The Jeffery family were the owners of a much loved, Four-year-old toy poodle named Bertie. He was a very healthy and active dog and had never shown any signs of being unwell, until late one evening when he started scratching himself uncontrollably. The following morning, the family did what most pet owners would do and took Bertie to their vets to get him checked over.
On arrival, they checked Bertie in with the vet’s receptionist, where they simply had to confirm Bertie’s name and their address. They were called through very quickly by one of the veterinary surgeons and after a brief overview from the Jeffery’s about Bertie’s symptoms, and a quick check over from the vet, it was decided to keep Bertie in for the day to closely monitor him.
Over the course of the next four days Bertie was backwards and forwards to the vets but he wasn’t picking up as quickly as they hoped, and the family had a phone call from their vet strongly suggesting a referral to a specialist centre for further tests.
They were told that the centre they were being referred to was an advanced veterinary centre with recognised specialists and equipment, so of course there was no hesitation in immediately making the 40-minute journey to put Bertie into the centre’s care.
After meeting with the specialist at the referral centre, the Jeffery’s signed a form acknowledging various procedural and treatment disclaimers, which, along with the verbal information about the tests was the full extent of the information they were given.
At 6:40am the next morning, they received an unexpected phone call from the vet centre; “Mr Jeffery, I am sorry to tell you this but we took Bertie outside for a wee this morning, the vet has slipped and let go of Bertie’s lead and he has run off, please can you come down and help us find him”.
The Jeffery family immediately made their way to the vet centre to help in the search for Bertie, and it was sadly them who found poor Bertie a few hours later. Unfortunately, their beloved dog had been run over so many times that they could only identify him by the blue lead that was next to him on the side of the dual carriageway.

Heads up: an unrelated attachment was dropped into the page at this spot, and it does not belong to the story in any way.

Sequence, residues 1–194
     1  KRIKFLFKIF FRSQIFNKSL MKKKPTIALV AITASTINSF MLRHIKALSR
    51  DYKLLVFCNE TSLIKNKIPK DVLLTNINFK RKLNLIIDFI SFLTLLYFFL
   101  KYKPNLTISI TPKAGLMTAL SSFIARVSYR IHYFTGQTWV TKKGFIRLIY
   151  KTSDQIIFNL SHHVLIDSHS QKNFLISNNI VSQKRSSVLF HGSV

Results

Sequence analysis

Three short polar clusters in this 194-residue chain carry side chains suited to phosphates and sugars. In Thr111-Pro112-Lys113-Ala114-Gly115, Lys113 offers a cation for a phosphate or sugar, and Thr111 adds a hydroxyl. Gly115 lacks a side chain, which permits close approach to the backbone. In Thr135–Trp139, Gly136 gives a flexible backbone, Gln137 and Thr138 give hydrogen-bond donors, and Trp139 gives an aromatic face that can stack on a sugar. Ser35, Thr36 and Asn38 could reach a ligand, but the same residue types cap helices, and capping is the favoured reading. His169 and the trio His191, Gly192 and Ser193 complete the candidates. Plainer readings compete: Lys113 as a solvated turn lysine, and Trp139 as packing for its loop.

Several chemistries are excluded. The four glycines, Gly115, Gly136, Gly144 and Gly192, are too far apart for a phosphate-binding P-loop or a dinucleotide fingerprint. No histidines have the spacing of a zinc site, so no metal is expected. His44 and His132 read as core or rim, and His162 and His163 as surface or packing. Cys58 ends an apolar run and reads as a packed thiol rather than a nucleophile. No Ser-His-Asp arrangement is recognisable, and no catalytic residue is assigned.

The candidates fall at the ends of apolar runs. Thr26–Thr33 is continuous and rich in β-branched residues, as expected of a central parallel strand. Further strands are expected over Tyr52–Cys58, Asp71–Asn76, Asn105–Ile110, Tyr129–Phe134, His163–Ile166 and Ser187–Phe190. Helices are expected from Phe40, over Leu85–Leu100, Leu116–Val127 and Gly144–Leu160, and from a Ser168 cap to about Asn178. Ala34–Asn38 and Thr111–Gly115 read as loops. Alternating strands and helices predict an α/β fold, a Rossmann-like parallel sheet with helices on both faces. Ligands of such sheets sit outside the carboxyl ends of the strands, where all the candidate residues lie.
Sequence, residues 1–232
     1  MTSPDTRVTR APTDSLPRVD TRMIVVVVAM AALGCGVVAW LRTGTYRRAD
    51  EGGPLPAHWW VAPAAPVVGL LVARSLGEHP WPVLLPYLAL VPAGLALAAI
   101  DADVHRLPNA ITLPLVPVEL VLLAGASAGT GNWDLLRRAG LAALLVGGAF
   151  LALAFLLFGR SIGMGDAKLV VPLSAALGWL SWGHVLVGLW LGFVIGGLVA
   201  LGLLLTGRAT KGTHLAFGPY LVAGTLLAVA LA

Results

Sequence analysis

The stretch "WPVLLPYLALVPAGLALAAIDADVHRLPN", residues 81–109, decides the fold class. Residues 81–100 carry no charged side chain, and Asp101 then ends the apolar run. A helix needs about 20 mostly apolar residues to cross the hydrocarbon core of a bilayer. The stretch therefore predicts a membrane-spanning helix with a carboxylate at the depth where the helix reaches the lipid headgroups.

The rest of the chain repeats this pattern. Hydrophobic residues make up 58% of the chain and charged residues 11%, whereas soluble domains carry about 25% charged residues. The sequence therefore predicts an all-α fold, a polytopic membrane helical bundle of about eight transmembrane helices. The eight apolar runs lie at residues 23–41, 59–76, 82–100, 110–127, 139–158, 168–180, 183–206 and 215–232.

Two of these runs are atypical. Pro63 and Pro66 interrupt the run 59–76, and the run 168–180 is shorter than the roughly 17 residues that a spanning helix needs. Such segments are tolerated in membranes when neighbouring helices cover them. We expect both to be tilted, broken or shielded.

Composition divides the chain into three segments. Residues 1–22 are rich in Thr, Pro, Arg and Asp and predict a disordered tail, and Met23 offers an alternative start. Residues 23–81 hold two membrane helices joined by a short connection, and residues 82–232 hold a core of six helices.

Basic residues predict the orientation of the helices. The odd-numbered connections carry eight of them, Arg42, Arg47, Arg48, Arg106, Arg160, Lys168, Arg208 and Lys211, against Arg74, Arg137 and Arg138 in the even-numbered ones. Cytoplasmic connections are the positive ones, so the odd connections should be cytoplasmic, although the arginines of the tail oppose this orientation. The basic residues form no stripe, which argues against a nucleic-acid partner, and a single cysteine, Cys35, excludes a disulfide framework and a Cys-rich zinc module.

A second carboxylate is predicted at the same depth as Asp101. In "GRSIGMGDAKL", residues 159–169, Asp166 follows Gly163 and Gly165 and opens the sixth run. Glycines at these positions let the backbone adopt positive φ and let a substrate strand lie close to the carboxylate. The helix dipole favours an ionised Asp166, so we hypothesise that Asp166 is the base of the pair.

“We simply couldn’t believe what had happened; how could our dog have gone into specialist care and end up being able to run away, and get hit by multiple vehicles and killed?”
The specialist centre where Bertie was being treated did have a secure area to take dogs out, so the death of Bertie was assumed to be due to poor procedural standards. After investigating the matter further, the Jeffery family found that lots of veterinary practices don’t have secure outdoor areas for dogs. Some vet centres are even forced to cross roads to get to an area where dogs can urinate. This is something that owners are simply not made aware of.
Dan Jeffery said, “How can this be right? Surely, we should at least be informed of this practice and even given the option of declining our dogs being taken out? Why are we not made to sign a disclaimer to say that there is a risk of escape/accident/death because they take our dogs out into unsecured areas?
“Why aren’t we asked more questions about our dog’s behavioural quirks and characteristics? For example, how are they on the lead? Is there a verbal command to use when they are expected to urinate? Is there a command or whistle they recall to? Furthermore, should our dogs really be taken outside if there is no secure area? If there is a need for them to be taken out, then should they be double leaded and have two people with them at all times?”
The veterinary standards governing body, the Royal College of Veterinary Surgeons (RCVS), do have a ‘Practice Standards’ scheme which quality assures practices and their facilities, however this scheme is voluntary with only half of all UK practices deciding to gain accreditation. This leaves yet more questions about the attention and seriousness given to this aspect of veterinary practices.
Dan added; “We have been left devastated by the loss of Bertie and the void that he has left in our home and our hearts. We want to do everything we can to ensure that this type of event cannot happen again. We are committed to focusing our efforts on creating awareness, trying to influence change to improve standards and making sure that veterinary practices review their thinking relating to this very real risk”.
The Jeffery family’s local vets and the specialist centre have been very receptive to the ideas and recommendations that they have put forward so far, and both have worked with them to implement a ‘Pet Profile’ form. This has now been added to their document management system and is now something that pet owners need to fill out, as well as the standard consent form when admitting their pets to these centres.
“Making these changes and creating the awareness will not give us back what was so tragically taken away, but it will go some way to creating a legacy for Bertie, which means his short life counted for something, and most importantly should prevent another incident like this happening again.”